In their eyes, they are engaged in a struggle not unlike the Jewish historical struggle against Amalek. The Palestinian people perceive Jews as their Amalek, feeling an obligation to fight against what they see as an existential threat. This perception, true or not, becomes their reality and motivates their actions. Similarly, from their perspective, they feel trapped in what they perceive as their own form of a concentration camp, leading to a sense of rebellion that parallels the Jewish historical struggle for freedom and survival.

This dynamic results in a chain reaction of misunderstandings and conflicts, where each side views the other as the aggressor. Both sides feel justified in their actions, believing they are fighting against an Amalek-like enemy. This has created a deeply entrenched cycle of violence and hatred, fueled by long-standing historical grievances and misunderstandings.

The crucial question arises: who sanctioned these modern conflicts? Unlike the wars fought under the divine guidance of the Sanhedrin or the kings of Israel, today’s conflicts lack such spiritual and divine authorization. The Torah in Devarim 17:9-10 speaks of seeking guidance from the Sanhedrin, emphasizing the need for divinely guided leadership. The current governance, often seen as unauthorized and secular, does not carry the same legitimacy as the divinely sanctioned wars of the past.

The narrative of contemporary conflicts being comparable to the divinely sanctioned battles of King David or the miraculous victories of the Jewish people is flawed. Those historical battles were fought under clear divine mandate and guidance, whereas today’s wars are driven by human decisions, often lacking moral and spiritual clarity.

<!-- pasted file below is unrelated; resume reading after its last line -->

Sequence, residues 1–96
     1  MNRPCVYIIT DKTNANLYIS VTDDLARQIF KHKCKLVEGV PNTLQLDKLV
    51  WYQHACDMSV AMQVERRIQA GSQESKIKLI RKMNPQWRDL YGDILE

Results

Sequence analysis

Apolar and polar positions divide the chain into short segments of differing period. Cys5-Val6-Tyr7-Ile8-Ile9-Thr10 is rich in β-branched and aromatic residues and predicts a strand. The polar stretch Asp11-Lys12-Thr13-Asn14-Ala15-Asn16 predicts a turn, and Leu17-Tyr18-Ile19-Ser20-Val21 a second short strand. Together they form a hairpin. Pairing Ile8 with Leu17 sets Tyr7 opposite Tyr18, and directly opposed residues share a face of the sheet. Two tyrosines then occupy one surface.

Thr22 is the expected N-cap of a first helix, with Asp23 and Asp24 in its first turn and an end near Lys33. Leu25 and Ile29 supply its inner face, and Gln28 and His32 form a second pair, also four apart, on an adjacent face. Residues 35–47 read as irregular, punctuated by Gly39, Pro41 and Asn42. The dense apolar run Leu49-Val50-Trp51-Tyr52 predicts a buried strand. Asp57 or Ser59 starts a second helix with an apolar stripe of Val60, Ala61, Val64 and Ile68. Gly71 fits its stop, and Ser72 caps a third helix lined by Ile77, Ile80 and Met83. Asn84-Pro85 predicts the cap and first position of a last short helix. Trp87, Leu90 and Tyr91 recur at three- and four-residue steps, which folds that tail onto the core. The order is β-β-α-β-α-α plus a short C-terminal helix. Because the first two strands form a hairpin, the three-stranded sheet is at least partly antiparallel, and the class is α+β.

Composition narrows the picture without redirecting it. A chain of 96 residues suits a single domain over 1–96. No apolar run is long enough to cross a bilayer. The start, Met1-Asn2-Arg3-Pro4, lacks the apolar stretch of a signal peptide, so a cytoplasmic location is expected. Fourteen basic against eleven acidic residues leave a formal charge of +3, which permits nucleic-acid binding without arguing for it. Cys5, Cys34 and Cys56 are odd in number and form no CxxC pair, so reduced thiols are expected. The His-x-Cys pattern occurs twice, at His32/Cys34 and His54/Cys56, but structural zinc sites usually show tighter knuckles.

Therefore, understanding the complexities of these conflicts requires a deep sense of empathy and balanced judgment. Rabbi Jonathan Sacks zt”l often spoke about the importance of understanding the ‘other’ in his book “Not in God’s Name,” where he explains how misinterpretations and lack of empathy can fuel conflicts. While we must never condone evil or violence, recognizing the emotions and perceptions that drive these actions is essential. Only through such understanding can we hope to break the cycle of hatred and violence, paving the way for a future where long-lost relatives and neighbors can coexist in peace.

In essence, the greatest misunderstanding of our times has fanned the flames of a nuclear-like hatred between long-lost relatives and neighbors. To truly address and resolve these conflicts, we must strive for empathy, balance justice with mercy, and seek paths of reconciliation that acknowledge the deeply rooted historical and emotional contexts that shape each side’s perceptions and actions.

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  1. 1
    Zarayah Israel

    Shalom ♡ Blessings with Gratitude 🥹 for your article.
    Re: The “Napka
    The true “Nakba” described by Syrian author Constantine Zurayik in 1948.
    The meaning of the disaster, by Constantine K. Zurayk. Translated from the Arabic by R. Bayly Winder.
    Zurayq, Qusṭanṭīn, 1909-
    Publisher Info.
    Beirut, Khayat’s College Book Cooperative, 1956.
    Has anyone read this book?
    I heard a person speaking that the “Napka” is not what we have heard or learned. Qusṭanṭīn Zurayq was the author of this word, allegedly writing it concerning the context being the new Yisrael winning against the Arab armies.
    Amazon does not have this book.